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Blind Patient Who ‘Recognises’ Emotion - Is This A ’Sixth Sense’?

14.12.2004


A patient who is technically blind, having suffered damage to the areas of the brain that process visual signals, has been able to react to certain visual signals. The case, described in this week’s online edition of Nature Neuroscience (Nature Neuroscience advance online publication, 12.12.02 at www.nature.com/neuro/) establishes beyond doubt, for the first time, that certain specific ‘visual recognition’ functions are processed in an area of the brain other than those normally associated with visual processing.

When ‘Patient x’, who is technically blind, reports that he ‘sees’ only darkness and walks with the aid of a white cane, was shown images of shapes such as circles and square, faces and unrecognisably jumbled faces, his guesses would be correct with no more than random frequency. However, when ‘patient x’ was shown faces displaying emotions such as happiness, anger, fear or sadness, his guesses as to whether the faces were happy or displaying a negative emotion registered well above the levels of chance.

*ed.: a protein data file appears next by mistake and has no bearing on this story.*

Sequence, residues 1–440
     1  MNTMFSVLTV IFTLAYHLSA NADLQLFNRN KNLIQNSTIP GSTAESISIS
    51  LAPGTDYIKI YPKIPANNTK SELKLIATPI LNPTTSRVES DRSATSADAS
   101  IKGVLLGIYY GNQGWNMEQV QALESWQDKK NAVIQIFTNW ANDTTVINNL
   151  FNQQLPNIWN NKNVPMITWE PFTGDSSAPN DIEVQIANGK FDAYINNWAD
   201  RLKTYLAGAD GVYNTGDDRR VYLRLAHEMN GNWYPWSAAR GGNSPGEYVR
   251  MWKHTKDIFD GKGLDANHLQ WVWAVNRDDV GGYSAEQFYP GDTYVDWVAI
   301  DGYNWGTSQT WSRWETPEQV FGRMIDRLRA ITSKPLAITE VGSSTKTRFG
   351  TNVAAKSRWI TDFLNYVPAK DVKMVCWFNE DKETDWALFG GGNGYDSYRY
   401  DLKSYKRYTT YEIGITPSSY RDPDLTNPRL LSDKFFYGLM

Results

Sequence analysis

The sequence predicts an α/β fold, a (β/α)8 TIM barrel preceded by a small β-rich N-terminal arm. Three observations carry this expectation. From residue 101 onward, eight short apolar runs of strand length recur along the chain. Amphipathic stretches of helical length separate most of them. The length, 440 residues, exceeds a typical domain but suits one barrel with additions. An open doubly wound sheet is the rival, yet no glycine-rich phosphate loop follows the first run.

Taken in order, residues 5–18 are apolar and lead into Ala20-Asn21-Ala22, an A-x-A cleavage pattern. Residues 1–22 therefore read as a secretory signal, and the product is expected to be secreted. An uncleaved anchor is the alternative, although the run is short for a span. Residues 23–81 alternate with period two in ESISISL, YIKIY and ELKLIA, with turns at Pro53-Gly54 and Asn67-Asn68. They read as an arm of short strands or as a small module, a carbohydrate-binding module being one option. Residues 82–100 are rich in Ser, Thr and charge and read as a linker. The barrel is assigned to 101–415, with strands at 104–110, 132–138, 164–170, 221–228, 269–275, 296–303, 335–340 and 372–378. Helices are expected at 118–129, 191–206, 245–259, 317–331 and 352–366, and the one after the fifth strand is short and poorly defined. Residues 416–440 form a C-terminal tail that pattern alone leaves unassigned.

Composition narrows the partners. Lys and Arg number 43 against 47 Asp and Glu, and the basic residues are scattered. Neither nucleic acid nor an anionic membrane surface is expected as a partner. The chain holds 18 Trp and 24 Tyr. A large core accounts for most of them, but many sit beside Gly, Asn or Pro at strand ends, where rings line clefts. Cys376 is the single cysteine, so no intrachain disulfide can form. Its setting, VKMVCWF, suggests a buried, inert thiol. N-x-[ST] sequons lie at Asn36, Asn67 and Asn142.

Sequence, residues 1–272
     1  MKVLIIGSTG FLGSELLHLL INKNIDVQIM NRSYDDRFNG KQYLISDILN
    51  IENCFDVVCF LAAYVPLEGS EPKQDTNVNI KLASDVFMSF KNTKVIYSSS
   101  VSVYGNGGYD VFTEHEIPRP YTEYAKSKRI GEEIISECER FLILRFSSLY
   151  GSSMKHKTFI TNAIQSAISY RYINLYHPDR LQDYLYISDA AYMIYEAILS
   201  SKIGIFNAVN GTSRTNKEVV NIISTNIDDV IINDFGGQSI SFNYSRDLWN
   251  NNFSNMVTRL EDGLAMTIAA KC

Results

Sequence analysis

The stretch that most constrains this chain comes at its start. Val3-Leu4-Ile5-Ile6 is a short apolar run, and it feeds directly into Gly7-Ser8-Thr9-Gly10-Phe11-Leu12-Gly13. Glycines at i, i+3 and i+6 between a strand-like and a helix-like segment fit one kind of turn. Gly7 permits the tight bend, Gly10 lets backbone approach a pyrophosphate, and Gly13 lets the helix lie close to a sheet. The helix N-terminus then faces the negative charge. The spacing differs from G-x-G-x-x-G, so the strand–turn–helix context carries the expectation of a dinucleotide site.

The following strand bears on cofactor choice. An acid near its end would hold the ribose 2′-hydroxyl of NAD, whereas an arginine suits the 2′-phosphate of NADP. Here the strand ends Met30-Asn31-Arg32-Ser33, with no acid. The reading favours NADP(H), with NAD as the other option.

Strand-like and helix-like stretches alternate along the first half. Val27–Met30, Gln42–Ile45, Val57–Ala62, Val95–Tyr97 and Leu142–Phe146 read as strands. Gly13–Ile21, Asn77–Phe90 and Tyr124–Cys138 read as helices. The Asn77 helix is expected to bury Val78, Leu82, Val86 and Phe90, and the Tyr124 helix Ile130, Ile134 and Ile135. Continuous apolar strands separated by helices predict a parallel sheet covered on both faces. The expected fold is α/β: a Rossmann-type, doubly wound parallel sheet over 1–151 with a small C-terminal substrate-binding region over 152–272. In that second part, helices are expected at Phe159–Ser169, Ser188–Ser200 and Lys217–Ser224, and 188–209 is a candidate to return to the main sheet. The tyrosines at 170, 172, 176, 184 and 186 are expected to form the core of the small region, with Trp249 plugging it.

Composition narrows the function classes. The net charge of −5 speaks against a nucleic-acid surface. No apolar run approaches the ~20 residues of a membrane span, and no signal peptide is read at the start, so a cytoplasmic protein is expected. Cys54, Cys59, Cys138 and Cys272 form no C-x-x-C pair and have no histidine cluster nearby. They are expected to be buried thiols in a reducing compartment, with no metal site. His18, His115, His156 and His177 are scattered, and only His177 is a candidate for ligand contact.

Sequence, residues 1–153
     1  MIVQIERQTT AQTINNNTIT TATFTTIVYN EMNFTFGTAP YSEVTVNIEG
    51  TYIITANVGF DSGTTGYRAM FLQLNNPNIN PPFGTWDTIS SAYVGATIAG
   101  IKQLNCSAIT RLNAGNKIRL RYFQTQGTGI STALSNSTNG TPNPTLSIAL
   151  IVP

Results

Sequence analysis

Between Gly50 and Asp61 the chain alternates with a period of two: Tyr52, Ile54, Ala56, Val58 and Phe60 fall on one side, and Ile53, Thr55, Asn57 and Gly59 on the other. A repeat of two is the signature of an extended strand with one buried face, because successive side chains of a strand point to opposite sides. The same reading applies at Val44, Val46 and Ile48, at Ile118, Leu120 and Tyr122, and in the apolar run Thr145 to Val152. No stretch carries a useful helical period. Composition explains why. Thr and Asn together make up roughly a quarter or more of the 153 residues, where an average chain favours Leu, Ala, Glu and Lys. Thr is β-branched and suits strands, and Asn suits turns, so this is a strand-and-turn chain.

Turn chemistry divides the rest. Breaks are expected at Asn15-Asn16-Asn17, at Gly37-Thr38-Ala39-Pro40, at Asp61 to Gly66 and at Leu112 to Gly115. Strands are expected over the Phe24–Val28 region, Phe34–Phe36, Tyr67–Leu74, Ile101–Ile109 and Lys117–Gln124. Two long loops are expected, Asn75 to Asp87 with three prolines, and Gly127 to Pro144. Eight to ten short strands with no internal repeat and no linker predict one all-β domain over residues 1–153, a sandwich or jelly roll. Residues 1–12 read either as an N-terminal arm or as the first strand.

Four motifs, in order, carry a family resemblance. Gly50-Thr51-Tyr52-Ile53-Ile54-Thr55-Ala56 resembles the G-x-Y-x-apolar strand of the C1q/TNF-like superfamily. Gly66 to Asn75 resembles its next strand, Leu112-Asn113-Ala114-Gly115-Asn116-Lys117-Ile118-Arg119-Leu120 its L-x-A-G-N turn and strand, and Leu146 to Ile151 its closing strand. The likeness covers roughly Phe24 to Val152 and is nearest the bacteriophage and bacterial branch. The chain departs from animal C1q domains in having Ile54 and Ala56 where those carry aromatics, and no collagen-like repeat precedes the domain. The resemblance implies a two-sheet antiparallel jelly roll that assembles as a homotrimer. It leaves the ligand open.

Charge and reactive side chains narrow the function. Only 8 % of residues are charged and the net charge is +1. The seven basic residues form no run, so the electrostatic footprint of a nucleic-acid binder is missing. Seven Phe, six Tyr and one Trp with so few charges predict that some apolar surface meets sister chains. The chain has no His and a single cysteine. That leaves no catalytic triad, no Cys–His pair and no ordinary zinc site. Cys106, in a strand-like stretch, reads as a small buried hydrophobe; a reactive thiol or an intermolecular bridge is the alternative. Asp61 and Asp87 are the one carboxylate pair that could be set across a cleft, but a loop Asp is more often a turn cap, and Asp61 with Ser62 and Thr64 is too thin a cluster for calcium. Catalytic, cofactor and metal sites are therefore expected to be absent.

This led Dr Alan Pegna, of the University of Wales, Bangor’s School of Psychology, with research colleagues at Bangor and Geneva University Hospital, to establish that emotion displayed on a human face is registered in an area other than the visual cortex. The area involved was identified as the right amygdala, an almond-shape structure situated deep within the brain’s temporal lobe.



What the better than random results of ‘Patient X’s apparent ‘guessing’ showed was that, although not able to ‘see’ in the conventional sense, ‘Patient x’ was able to process this information, as the processing occurs elsewhere in the brain. Although not aware of ‘seeing’ the faces, he was able to react to unconscious processing in his brain of the images placed in front of him.

“This discovery is also interesting for behavioural scientists as the right amygdala has been associated with subliminal processing of emotional stimuli in clinically ‘healthy’ individuals. What ‘Patient x’ has assisted us in establishing is that this area undoubtedly processes visual facial signals connected with all types of emotional facial expressions,” explains Pegna.

Dr Alan Pegna | alfa
Further information:
http://www.nature.com/neuro/
http://www.bangor.ac.uk
http://www.hcuge.ch

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